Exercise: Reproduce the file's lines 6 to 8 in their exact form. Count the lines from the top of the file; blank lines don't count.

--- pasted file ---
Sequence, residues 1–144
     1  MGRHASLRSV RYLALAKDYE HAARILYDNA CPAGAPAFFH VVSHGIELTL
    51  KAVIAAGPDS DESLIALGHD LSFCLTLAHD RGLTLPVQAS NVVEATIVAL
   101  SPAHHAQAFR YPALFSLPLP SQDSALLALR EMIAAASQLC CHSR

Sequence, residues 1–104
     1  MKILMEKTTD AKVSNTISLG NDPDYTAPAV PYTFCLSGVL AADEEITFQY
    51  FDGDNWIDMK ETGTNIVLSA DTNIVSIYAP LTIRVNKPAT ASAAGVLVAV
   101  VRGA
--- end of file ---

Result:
     1  MKILMEKTTD AKVSNTISLG NDPDYTAPAV PYTFCLSGVL AADEEITFQY
    51  FDGDNWIDMK ETGTNIVLSA DTNIVSIYAP LTIRVNKPAT ASAAGVLVAV
   101  VRGA